Some carmakers deemed the disaster site an awkward location for this gathering; others were sympathetic but unable to field a vehicle because experimental mules have testing and appearance schedules busier than those of presidential hopefuls. The three hydrogen-powered vehicles that did arrive here (all by trailer, because refueling was not available for the long trips from their bases) were not the latest models from the auto show circuit, but hard-working development vehicles with thousands of testing miles on their odometers.
Weather was also a factor. The day of the gathering was fraught by a severe northeaster. Six inches of rain was followed by flooded roads and snow, as the winds blew and angry skies frowned. But the show went on, thanks in part to the hosts at the base and the Navy Lakehurst Historical Society.
The Hindenburg anniversary is not the only reason hydrogen is in the news. Four years ago, in his State of the Union address, President Bush announced a $1.2 billion hydrogen initiative to foster clean air and lessen dependence on imported oil. The Department of Energy has conducted marriages of sorts, joining automakers with energy companies — General Motors and Shell; Ford and DaimlerChrysler with BP — to encourage research and set standards for refueling hardware.
As hydrogen gains favor, hydrocarbons seem to be taking over the role of villain. Peak oil theorists, especially Matthew Simmons, chairman of the Simmons & Company investment bank and the author of “Twilight in the Desert: The Coming Saudi Oil Shock and the World Economy” contend that increased demand will outpace the ability to increase production. And the Supreme Court’s April 2 ruling that the E.P.A. has authority to regulate carbon dioxide as a pollutant, as it does tailpipe emissions, was a powerful vote against fossil fuels.
So the three hydrogen-fueled vehicles that gathered at the Hindenburg crash site are harbingers of the future, proof that all of hydrogen’s
potential in transportation did not go up in flames 70 years ago.

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Saturday, April 28, 2007

National UCC Event June 21, 2007

Never place a period where God has placed a comma”
-Gracie Allen

Linking Faith, Hope, Love, Justice and Action in our Churches
A Conference on Environmental Spirituality & Activism

Immanuel Congregational Church UCC
10 Woodland St. (Opposite the Mark Twain House)
Hartford, CT 06105
Presented by: The UCC National Environment and Energy Task Force

Thursday June 21, 2007 – 9:00 a.m. – 5:00 p.m. (Prior to General Synod)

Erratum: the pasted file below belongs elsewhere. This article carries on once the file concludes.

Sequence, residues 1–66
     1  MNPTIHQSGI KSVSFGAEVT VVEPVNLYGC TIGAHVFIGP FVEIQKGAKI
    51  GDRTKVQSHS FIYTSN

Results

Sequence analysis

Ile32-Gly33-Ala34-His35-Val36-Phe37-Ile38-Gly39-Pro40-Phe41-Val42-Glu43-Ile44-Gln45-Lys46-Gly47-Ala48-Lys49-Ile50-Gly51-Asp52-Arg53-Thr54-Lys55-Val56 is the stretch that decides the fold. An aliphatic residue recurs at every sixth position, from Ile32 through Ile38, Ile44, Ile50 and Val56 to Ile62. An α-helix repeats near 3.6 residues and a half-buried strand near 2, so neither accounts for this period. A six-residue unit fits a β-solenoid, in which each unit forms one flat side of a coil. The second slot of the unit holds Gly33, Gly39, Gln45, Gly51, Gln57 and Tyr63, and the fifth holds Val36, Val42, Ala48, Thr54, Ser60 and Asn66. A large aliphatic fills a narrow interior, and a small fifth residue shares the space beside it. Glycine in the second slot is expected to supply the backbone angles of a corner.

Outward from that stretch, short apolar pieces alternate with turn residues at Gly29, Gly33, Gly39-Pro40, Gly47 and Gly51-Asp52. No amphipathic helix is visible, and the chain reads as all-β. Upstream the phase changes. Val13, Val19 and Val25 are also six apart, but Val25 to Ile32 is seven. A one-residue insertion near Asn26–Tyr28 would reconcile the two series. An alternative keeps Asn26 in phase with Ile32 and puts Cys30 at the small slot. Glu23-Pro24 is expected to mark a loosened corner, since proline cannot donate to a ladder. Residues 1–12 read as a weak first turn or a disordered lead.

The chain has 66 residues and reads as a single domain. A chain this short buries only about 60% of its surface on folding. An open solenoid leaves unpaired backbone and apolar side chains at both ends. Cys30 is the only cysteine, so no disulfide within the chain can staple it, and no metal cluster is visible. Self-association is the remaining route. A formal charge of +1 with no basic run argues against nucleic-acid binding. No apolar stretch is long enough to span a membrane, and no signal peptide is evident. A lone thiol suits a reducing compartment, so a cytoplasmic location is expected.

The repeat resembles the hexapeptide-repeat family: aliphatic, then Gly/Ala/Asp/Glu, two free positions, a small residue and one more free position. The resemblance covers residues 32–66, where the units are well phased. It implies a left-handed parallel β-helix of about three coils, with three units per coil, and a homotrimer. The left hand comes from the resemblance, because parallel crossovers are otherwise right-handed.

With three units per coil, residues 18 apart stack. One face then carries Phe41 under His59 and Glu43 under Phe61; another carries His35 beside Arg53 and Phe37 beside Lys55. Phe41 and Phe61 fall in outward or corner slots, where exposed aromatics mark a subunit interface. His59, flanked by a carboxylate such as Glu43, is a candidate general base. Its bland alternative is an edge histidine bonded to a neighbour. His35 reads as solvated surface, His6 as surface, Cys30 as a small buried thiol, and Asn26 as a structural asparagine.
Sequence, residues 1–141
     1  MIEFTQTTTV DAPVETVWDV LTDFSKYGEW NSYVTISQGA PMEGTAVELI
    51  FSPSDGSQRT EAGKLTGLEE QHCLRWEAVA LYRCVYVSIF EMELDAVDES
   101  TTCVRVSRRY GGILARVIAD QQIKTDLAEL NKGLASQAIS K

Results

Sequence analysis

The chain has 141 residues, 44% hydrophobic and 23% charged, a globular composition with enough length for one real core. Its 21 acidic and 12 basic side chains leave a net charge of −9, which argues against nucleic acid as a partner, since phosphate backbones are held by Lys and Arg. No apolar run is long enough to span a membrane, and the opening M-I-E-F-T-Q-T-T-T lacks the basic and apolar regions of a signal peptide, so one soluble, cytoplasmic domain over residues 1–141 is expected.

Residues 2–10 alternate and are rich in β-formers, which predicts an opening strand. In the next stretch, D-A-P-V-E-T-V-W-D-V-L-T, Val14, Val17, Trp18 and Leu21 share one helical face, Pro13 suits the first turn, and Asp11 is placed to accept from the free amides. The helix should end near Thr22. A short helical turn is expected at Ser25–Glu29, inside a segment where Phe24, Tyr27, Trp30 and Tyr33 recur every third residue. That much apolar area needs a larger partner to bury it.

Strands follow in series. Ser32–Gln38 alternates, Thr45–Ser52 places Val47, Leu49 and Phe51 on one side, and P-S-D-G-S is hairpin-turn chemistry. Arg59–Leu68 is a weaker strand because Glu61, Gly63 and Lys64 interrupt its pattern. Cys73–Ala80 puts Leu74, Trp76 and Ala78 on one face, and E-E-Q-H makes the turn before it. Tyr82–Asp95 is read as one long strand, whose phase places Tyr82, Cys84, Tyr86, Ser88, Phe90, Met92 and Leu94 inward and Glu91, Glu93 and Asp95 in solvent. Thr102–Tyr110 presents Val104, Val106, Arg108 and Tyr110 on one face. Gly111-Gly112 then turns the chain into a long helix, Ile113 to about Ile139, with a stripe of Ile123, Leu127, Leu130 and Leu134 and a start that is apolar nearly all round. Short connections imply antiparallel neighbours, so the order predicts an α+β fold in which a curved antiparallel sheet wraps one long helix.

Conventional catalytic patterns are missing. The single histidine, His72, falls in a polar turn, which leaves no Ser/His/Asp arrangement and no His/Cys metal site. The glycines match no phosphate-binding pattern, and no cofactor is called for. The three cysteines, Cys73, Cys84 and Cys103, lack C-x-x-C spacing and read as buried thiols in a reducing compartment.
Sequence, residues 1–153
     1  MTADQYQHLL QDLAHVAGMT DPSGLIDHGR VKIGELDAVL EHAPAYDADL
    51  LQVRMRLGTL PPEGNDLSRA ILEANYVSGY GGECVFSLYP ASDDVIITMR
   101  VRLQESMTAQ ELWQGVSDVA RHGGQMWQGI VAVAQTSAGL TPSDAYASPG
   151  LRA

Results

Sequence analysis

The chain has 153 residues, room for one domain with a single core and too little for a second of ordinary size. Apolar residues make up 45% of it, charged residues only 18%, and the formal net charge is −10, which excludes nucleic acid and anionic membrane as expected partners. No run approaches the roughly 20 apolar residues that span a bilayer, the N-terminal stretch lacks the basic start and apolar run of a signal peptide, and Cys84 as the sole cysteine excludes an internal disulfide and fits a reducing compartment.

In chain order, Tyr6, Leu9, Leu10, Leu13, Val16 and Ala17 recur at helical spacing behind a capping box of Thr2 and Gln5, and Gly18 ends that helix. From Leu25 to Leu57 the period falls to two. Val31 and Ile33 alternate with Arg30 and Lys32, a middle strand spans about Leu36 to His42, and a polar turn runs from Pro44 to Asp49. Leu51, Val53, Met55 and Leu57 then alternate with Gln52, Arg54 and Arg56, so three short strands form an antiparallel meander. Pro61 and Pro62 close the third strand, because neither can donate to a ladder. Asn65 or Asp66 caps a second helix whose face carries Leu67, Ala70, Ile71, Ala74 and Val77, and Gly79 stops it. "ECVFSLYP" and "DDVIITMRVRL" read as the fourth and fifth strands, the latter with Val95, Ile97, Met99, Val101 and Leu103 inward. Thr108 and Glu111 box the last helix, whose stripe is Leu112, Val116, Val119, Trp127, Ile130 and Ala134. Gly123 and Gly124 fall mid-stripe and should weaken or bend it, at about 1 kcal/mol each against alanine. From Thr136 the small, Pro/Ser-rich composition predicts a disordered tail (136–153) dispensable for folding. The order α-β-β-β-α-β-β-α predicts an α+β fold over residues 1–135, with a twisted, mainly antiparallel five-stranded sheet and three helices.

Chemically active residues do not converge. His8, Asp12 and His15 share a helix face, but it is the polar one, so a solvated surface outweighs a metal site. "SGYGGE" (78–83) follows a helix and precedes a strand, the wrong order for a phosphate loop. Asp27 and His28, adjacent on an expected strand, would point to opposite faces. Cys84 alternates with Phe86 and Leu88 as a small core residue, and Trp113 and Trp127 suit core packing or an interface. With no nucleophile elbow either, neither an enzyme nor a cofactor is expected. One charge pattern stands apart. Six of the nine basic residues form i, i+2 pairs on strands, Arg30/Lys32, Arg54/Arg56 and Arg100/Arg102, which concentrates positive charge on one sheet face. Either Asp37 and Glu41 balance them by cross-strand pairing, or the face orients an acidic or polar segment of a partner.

Registration from 8:00 to 9:00 a.m.

Featured speakers and workshop leaders include:

Jerome Ringo is the Chairman of the Board of the National Wildlife Federation, inspiring Americans to protect wildlife for our children's future. He is also the President of the Apollo Alliance of labor unions, environmental organizations and businesses which promotes American industrial jobs and clean energy.

Beverly Wright is a sociologist and the founding director of the Deep South Center for Environmental Justice (DSCEJ) at Dillard University (formerly at Xavier University of Louisiana) in New Orleans. She is a leading scholar, advocate and activist in the environmental justice arena.

Robert D. Bullard is the Ware Distinguished Professor of Sociology and Director of the Environmental Justice Resource Center at Clark Atlanta University. He is the author of thirteen books that address sustainable development, environmental racism, urban land use, industrial facility siting, community reinvestment, housing, transportation and smart growth.

Charles Lee is author of the UCC 1987 Toxic Waste and Race Report. Charles is currently the Director of the national EPA’s Environmental Justice Office

Registration is $25.00 and includes lunch
For registration form, email

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Earth Encyclopedia

The Earth Portal ( and its centerpiece, the Encyclopedia of Earth ( were just launched at the National Press Club in Washington D.C.
The EoE is a means for the global scientific community to come together to produce the first free, expert-driven, massively scaleable information resource on the environment, and to engage civil society in a public dialogue on the role of environmental issues in human affairs. It contains no commercial advertising and will reach a large global audience.